First Amendment Center gets it wrong on Montana political money

In an amusingly-entitled post about “What was right” about the SCOTUS ruling on Montana’s political donations limit, they offer this nugget of wisdom:

What was right about high court’s Montana ruling | First Amendment Center – news, commentary, analysis on free speech, press, religion, assembly, petition

Far better to seek remedies that respect the First Amendment while powering a near-automatic disinfectant to the potential corruption of “big money”: Transparency. In an age when deposits and debits to individual bank accounts are nearly instantly recorded, there’s no reason — except a lack of public pressure and political will — to make all campaign contributions immediately visible to all. As connectivity and data management improve exponentially each year, contribution information could be logged, organized and made available to everyone in real-time — instead of using the months-later system we have now, mandated by old-fashioned campaign regulations.

Indeed, transparency is a good thing. But free speech also includes the right to privacy, as has been long-established in our code of law. That is, unless we’d like to undo that law as well?

Journalists and news fans will be familiar with this law as the Freedom of Information Act or FOIA. We generally think of it as protecting the citizen’s right to information from the government, but between its passage in 1966 and the subsequent amendments in 1974, the bill is actually our framework for both our right to information and our equal right to privacy. And its hard to imagine how – if indeed money is considered free speech – it isn’t also considered speech that is protected under these same privacy laws?

This isn’t one of those areas where you get to give easy answers. Political speech is, as noted in the article, the most protected of all speech in America. But the needs of political discourse are sometimes at odds with the guileless literal reading of the Constitution, which is why thinking is so important. I wish they would have put a little more thinking into this article.


Freedom of Speech on the Internet?

It’s so not needed, especially if you offend someone. That’s what Mrs. Linda (Dirty) Sanchez thinks, and she’s introduced a bill in Congress to make sure everyone else is forced to adopt her personal moral code.

They call it “Cyberbullying.” What a load of horseshit. Defamation of character is as relevant on the Internet as it is anywhere else, as are most laws dealing with such issues. There is no need whatsoever to introduce a new law simply because someone made up a clever new name for the same old thing.


Community Centers, Schools and Free Speech

I mentioned this D&C article yesterday, flagged by a reader, about Fairport School District’s decision to say “no” to a production of the play RENT, citing the school’s sense of the appropriateness of the play for a high school. 13WHAM’s Liz Schubert also reports on this story, which seems to be making quite a stir in the two journo’s comment sections.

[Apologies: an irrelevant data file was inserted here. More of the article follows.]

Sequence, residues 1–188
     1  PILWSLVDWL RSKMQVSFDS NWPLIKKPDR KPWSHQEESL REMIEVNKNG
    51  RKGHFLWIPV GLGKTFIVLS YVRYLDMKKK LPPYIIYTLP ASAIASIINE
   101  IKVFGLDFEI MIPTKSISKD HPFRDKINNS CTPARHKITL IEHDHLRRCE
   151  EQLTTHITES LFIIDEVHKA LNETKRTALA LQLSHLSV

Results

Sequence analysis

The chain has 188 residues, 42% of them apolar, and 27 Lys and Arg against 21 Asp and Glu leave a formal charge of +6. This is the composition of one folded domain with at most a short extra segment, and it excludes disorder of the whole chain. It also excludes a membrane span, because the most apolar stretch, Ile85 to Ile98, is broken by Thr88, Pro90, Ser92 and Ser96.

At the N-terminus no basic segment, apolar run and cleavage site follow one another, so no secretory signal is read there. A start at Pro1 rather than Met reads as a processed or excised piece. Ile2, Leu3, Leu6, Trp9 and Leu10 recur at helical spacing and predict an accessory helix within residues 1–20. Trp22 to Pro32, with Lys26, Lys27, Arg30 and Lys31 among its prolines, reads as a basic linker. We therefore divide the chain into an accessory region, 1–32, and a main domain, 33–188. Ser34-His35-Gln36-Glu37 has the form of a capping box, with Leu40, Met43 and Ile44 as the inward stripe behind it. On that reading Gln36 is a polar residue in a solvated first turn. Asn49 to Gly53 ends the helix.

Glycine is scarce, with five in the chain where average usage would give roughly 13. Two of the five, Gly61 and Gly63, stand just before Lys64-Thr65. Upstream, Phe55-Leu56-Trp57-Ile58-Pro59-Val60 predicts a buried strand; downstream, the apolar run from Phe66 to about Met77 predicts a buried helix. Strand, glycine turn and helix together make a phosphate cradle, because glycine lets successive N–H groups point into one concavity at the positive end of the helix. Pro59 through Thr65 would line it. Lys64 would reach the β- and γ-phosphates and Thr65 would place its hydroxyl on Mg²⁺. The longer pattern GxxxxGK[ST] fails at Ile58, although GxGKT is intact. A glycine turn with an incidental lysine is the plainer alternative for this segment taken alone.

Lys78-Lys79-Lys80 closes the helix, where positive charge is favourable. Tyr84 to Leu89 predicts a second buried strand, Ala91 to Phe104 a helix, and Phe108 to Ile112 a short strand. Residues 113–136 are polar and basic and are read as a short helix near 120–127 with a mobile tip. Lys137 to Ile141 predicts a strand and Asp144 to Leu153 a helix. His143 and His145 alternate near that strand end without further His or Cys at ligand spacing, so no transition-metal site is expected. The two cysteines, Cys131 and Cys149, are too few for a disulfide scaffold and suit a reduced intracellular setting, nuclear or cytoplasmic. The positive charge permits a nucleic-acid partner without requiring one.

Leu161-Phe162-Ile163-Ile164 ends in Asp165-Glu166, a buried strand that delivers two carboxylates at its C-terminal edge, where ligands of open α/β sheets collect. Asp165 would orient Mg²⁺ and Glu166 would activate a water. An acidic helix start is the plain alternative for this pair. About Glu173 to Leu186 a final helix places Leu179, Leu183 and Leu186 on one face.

Let me begin my comments with a slight correction to Liz’s story:

The Parent Teacher Student Association provides the space free of charge, receives some of the profits, and uses that money for student scholarhips.

This is not entirely accurate: high schools are public buildings paid for with tax money. As such, they are free and open to the public with two notable exceptions: during regular class hours and on election nights, where access is restricted. As such, the public has the right to stage whatever productions they see fit inside the building and no special permission is necessarily required. Here in East Rochester, I know of a few people on my street that use the local high school gym equipment on off hours.

At the same time, the superintendent of schools has an obligation to ensure that the public property he’s responsible for is used in an appropriate manner. In fact, when you get down to the nuts and bolts of what a superintendent does, that is precisely his job description. So personally, I am not challenging Jon Hunter’s propriety in deciding what uses are and are not acceptable.

What is objectionable in Hunter’s decision is for a superintendent to arbitrarily decide – based solely on his own interpretation of the content of the play – that the play is inappropriate for public space outside of the school season. What’s worse is what the two subjects cited as beyond the pale for the school are: drug use and homosexuality. What about these two subjects is so innately untouchable? It seems like in this modern world, these are exactly the types of subjects we should be challenging our kids with in schools.


So Much for Community Centers, eh?

A reader of the website, Alan Smithee (if that is his real name, as they used to say on Night Court), alerted me to this article in the D&C. Apparently, taxpayer funded schools get to decide what is and what is not appropriate for theater productions in the summer.

Raises some interesting questions which I would like to discuss further. But it’s Saturday night and the wife is calling me downstairs. Tomorrow, then. . .